tagged w/ forcings
The National Research Council is pleased to present this video that explains how scientists have arrived at the state of knowledge about current climate change and its causes.
More at the link
The truth is incontrovertible. Malice may attack it, ignorance may deride it, but in the end, there it is."
Winston ChurchillThe National Research Council is pleased to present this video that explains how... more
"Accelerating melting on the world’s ice sheets and other new observations have scientists concluding that even a two-degree Celsius rise in temperatures – a benchmark long seen as safe in global climate talks and other emissions reductions scenarios – could lead to an 80-foot rise in sea levels.
“The dangerous level of global warming is less than what we thought a few years ago,” said James Hansen, director of NASA Goddard Institute for Space Studies. “It was natural to think that a few degrees wasn’t so bad…. (But) a target of two degrees is actually a prescription for long-term disaster.”
Antarctica and Greenland are losing ice at a surprising clip, Hansen said, and methane hydrates – a potent source of greenhouse gas frozen beneath the seas – are starting to bubble up.
The key question for climatologists: How sensitive is the climate to increasing amounts of fossil fuel emissions. Last year humanity pumped almost 10 billion tons of carbon dioxide into the atmosphere, a half-billion tons more than 2009 and the largest jump in any year since the Industrial Revolution, according to the Global Carbon Project.
See also Biggest Jump Ever in Global Warming Pollution in 2010, Chinese CO2 Emissions Now Exceed U.S.’s By 50%.
The problem, those researchers said, is the “hang time” for carbon dioxide in the atmosphere. Even if greenhouse gas emissions stopped tomorrow, “climatically important” amounts of carbon dioxide and other compounds emitted today would continue to influence the atmosphere for thousands of years, Caldeira said.
See also Fossil CO2 impacts will outlast Stonehenge and nuclear waste
That kind of pressure, or “forcing,” on the atmosphere could be devastating, he cautioned.
About 55 million years ago a tremendous amount of methane was released into the atmosphere over a period of about 1 million years, and the planet heated by five degrees to eight degrees Celsius, or 10 degrees to 14 degrees Fahrenheit. The result was an ice-free planet with sea levels 230 feet higher than they are today.
In the eons since, carbon dioxide levels dropped and the ice reformed. But humanity’s emissions have the potential to send the globe back to those conditions, Caldeira and Hansen said.
“If you doubled CO2, which practically all governments assume we’re going to do, that would eventually get us to the ice-free state,” Hansen said.
Scientists don’t expect that ice to melt quickly. Assuming the current accelerated melting continues on the world’s ice sheets and glaciers, various climate models predict the ocean would rise between 1.5 feet and 2.3 feet by century’s end, said Tad Pfeffer, a glaciologist with the University of Colorado.
But the ice melted with atmospheric carbon dioxide levels at about 1,000 parts per million, Caldeira said. And he suspects that even 750 ppm, or about double today’s levels, could send the globe spiraling toward an ice-free state. Current emissions trends suggest the globe could reach that by the end of the century.
“We can’t double CO2,” Hansen added. “We would be sending our climate back to a state we haven’t adjusted to as a species.”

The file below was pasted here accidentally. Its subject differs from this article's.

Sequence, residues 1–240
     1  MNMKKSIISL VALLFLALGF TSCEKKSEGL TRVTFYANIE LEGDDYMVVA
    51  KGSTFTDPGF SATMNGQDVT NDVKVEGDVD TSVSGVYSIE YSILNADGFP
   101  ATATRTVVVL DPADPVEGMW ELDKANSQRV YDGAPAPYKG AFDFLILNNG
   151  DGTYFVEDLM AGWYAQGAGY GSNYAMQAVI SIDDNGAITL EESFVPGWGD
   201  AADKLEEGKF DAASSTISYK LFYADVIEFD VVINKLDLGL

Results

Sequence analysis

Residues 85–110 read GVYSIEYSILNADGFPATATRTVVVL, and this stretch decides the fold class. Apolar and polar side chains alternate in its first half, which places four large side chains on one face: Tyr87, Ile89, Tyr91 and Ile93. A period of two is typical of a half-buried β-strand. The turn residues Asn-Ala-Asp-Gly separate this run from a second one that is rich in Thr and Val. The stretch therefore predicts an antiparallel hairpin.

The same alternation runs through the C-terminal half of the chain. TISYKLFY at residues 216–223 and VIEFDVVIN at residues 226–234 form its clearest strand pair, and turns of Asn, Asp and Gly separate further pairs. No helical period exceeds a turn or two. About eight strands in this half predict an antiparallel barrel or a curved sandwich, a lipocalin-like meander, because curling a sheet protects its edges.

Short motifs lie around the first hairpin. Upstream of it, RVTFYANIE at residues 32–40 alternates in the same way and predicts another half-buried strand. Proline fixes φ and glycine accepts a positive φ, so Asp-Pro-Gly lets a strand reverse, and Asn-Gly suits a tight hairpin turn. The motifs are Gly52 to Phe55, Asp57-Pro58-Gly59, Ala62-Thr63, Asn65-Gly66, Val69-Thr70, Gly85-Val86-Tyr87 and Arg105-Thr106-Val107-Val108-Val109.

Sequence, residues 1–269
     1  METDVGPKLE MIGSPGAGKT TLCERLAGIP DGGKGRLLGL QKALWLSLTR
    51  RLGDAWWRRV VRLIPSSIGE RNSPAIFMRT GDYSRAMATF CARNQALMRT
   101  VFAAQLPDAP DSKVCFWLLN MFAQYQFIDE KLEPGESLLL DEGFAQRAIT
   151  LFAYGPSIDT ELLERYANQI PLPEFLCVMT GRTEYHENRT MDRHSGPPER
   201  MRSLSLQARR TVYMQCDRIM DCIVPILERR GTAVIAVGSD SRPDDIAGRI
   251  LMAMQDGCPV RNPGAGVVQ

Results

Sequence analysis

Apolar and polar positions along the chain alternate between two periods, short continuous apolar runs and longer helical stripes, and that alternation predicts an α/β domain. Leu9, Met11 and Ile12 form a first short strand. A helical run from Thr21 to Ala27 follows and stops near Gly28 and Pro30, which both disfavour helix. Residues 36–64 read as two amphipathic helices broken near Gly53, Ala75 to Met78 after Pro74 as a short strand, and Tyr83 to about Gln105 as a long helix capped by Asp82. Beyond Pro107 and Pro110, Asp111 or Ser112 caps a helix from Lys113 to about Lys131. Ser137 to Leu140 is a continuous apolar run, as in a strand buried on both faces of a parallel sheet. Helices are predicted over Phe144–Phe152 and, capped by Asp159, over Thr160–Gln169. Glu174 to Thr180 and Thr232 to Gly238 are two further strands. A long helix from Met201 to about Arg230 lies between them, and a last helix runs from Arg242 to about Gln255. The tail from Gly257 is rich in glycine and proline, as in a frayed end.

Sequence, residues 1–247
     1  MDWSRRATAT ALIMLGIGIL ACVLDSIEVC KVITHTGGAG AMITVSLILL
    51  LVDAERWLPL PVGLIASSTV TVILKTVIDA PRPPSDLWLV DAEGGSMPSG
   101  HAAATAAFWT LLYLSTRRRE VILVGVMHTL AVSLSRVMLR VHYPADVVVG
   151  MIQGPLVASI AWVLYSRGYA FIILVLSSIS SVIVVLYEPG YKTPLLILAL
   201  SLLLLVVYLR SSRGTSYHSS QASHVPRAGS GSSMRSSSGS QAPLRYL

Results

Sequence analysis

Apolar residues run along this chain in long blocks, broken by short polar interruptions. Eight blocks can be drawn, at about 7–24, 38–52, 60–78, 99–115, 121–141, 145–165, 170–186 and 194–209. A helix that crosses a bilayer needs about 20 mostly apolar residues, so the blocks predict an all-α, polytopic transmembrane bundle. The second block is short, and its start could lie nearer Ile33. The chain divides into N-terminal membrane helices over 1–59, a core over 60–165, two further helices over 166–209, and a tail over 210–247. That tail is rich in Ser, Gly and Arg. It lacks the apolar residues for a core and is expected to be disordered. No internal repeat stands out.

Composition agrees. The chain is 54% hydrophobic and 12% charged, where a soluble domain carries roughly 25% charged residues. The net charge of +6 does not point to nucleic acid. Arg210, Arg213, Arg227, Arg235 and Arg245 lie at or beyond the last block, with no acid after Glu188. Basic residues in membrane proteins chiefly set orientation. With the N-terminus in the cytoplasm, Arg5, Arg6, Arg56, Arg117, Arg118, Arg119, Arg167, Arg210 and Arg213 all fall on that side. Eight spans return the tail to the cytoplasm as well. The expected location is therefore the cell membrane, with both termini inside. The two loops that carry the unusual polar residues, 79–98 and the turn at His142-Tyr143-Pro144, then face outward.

The time to act was a while ago, but now is much, much better than later."
•A detailed look at climate sensitivity
•Climate Experts Warn Thawing Permafrost Could Cause 2.5 Times the Warming of Deforestation
More at the link
Around 28:00 minutes into the video is information on CO2."Accelerating melting on the world’s ice sheets and other new observations... more
The area covered by Arctic sea ice reached its lowest point this week since the start of satellite observations in 1972, German researchers announced on Saturday.
"On September 8, the extent of the Arctic sea ice was 4.240 million square kilometres (1.637 million square miles). This is a new historic minimum," said Georg Heygster, head of the Physical Analysis of Remote Sensing Images unit at the University of Bremen's Institute of Environmental Physics.
The new mark is about half-a-percent under his team's measurements of the previous record, which occurred on September 16, 2007, he said.
According to the US National Snow and Ice Data Center (NSIDC), the record set on that date was 4.1 million sq km (1.6 sq mi). The discrepancy, Heygster explained by phone, was due to slightly different data sets and algorithms.
"But the results are internally consistent in both cases," he said, adding that he expected the NSIDC to come to the same conclusion in the coming days.
Arctic ice cover plays a critical role in regulating Earth's climate by reflecting sunlight and keeping the polar region cool.
Retreating summer sea ice -- 50 percent smaller in area than four decades ago -- is described by scientists as both a measure and a driver of global warming, with negative impacts on a local and planetary scale.
It is also further evidence of a strong human imprint on climate patterns in recent decades, the researchers said.
"The sea ice retreat can no more be explained with the natural variability from one year to the next, caused by weather influence," Heygster said in an statement released by the university.
"Climate models show, rather, that the reduction is related to the man-made global warming which, due to the albedo effect, is particularly pronounced in the Arctic."
Albedo increases when an area once covered by reflective snow or ice -- which bounces 80 percent of the Sun's radiative force back into space -- is replaced by deep blue sea, which absorbs the heat instead.The area covered by Arctic sea ice reached its lowest point this week since the start... more